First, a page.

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There’s a buzz going around: Facebook crashed its own internet drone project

Facebook announced back in November of last year that it was working with Airbus to develop better versions of what are known as high-altitude platform station, or HAPS, systems that can be built into aircraft to beam down the high-speed internet.

But today, according to reports from Mashable, the social giant announced that it is no longer pursuing its plan of developing its own high-flying drones for delivering internet, an initiative within its Aquila project that was started four years ago.

The news was tucked away in a blog post titled “High altitude connectivity: The next chapter,” written by Yael Maguire, a director of engineering at Facebook.

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Facebook’s heart is in the right place

Initially, Aquila was Facebook’s bold stratosphere internet project that imagined gigantic drones running partially on solar power that could remain in flight for long periods of time and beam down LTE service to remote parts of the world.

Aquila was one of many ways, alongside other initiatives, that Facebook was trying to help the developing world and remote parts of Earth get online so that they too can become Facebook users.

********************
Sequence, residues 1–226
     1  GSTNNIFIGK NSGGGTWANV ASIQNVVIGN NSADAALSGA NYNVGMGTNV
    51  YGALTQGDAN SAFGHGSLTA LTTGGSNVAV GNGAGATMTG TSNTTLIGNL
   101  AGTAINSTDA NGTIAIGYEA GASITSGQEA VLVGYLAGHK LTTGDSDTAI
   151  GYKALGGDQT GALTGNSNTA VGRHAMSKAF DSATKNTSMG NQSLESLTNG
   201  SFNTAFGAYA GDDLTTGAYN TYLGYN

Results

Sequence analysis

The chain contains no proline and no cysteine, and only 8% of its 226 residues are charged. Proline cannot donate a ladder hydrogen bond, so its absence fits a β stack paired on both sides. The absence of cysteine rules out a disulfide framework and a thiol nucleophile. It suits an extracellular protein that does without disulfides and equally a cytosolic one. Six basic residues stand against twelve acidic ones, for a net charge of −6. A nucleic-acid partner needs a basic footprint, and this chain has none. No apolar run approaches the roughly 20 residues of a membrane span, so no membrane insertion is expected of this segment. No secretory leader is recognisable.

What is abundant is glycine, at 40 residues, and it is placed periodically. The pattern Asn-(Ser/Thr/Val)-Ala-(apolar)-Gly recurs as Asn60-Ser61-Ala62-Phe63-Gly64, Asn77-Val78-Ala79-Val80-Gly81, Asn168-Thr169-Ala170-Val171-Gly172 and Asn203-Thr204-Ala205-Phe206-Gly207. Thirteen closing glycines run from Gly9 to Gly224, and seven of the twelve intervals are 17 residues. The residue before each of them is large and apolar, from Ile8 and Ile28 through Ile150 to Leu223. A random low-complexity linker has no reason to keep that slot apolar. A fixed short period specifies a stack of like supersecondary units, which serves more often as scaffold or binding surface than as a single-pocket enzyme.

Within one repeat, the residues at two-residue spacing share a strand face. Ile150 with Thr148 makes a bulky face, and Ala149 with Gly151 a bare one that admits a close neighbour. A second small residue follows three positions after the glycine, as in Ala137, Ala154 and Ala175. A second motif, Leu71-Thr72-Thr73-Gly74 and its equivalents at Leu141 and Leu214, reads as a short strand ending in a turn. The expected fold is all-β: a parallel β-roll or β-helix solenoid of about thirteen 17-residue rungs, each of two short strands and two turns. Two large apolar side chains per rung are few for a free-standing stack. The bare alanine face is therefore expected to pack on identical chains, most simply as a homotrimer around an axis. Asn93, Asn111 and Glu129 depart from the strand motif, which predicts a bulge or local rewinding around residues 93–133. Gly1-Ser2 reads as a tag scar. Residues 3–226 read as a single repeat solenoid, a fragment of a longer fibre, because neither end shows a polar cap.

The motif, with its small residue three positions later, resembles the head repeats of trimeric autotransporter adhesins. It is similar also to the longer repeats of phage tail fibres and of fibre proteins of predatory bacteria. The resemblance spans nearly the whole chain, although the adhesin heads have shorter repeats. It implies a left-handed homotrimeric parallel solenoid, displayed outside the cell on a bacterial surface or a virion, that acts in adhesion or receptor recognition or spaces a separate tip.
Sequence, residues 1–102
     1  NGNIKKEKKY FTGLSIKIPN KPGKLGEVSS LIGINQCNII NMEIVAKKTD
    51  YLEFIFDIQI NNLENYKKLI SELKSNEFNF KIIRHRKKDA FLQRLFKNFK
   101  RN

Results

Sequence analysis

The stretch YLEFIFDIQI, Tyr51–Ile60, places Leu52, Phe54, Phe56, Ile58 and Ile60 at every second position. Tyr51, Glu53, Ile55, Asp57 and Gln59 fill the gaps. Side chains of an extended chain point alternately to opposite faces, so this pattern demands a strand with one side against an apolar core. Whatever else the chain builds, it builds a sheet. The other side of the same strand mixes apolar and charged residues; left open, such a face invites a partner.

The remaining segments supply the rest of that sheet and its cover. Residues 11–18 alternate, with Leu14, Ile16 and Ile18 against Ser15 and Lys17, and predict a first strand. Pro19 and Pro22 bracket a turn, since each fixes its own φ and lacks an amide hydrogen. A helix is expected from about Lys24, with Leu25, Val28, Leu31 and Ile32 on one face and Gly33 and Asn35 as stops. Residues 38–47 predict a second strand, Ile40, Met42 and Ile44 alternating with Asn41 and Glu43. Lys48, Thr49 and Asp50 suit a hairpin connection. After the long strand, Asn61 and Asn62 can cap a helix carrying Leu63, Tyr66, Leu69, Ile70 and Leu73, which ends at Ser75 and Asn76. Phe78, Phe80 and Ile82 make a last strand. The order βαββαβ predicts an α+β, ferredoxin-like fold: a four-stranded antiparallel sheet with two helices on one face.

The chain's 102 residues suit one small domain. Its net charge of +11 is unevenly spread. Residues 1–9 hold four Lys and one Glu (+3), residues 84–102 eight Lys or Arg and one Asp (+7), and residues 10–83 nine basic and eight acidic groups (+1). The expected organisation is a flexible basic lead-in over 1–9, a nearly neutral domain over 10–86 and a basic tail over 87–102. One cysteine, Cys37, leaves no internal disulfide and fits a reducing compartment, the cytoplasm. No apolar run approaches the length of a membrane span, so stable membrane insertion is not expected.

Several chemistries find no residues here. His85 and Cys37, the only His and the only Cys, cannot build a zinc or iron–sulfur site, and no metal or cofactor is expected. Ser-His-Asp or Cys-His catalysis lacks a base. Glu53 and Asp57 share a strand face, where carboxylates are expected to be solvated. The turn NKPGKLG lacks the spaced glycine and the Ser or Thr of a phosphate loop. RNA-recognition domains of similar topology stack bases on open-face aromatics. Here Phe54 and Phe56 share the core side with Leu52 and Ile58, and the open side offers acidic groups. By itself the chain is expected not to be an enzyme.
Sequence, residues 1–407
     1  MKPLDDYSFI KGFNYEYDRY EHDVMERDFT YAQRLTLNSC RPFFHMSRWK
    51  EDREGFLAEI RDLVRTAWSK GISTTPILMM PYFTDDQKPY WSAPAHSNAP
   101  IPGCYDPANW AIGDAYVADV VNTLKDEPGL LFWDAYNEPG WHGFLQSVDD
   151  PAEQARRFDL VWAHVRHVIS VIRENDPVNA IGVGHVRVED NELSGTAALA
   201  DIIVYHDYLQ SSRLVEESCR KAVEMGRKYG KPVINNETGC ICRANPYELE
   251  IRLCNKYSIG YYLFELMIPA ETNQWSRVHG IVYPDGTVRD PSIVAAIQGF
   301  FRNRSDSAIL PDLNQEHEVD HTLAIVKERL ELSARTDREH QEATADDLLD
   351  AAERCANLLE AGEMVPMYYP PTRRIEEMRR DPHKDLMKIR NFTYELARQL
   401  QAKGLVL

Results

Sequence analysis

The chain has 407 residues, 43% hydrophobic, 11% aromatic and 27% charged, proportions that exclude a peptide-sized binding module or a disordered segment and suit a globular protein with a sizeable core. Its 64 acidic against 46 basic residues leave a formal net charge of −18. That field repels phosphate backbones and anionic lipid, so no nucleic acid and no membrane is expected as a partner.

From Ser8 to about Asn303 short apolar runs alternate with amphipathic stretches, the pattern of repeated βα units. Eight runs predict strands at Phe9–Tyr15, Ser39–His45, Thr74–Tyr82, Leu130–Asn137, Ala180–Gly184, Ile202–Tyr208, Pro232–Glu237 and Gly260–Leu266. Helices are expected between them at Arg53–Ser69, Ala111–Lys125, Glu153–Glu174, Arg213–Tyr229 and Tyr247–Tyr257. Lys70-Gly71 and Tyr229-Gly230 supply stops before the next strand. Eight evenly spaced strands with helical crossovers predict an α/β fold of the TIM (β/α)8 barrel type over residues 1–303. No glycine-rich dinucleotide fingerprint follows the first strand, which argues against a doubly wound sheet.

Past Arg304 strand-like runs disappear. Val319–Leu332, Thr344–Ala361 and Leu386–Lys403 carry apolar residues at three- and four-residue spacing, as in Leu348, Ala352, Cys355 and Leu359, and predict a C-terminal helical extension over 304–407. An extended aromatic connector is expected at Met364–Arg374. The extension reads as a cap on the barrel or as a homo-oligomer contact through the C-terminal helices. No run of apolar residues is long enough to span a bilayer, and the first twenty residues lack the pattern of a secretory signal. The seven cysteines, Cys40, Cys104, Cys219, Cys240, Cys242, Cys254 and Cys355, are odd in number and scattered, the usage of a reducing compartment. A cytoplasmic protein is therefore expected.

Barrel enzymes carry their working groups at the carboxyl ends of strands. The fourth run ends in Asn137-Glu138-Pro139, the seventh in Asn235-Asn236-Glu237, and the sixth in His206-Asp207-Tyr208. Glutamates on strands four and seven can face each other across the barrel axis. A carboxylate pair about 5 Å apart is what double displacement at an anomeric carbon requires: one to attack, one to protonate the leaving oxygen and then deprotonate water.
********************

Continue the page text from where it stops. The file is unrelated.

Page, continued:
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One down, but many to go

The Aquila project conducted two public, high-profile test flights of a prototype drone, the first of which in 2016 resulted in serious damage to the aircraft during its landing reported CNET.

Now, instead of building aircraft of its own, Facebook says it will now focus on working with partners on high-altitude internet delivery systems and on policy matters related to securing spectrum and establishing federal rules around the operation of such systems.

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It’s not over yet

“As we’ve worked on these efforts, it’s been exciting to see leading companies in the aerospace industry start investing in this technology too — including the design and construction of new high-altitude aircraft,” Maguire writes.

“Given these developments, we’ve decided not to design or build our own aircraft any longer, and to close our facility in Bridgwater.”

Maguire is referring to a facility in Bridgewater, England that headed up the Aquila project; specifically, the design and development of the prototype drone itself reported Gizmodo.

Maguire says the company is also “actively participating in a number of aviation advisory boards and rule-making committees in the US and internationally.”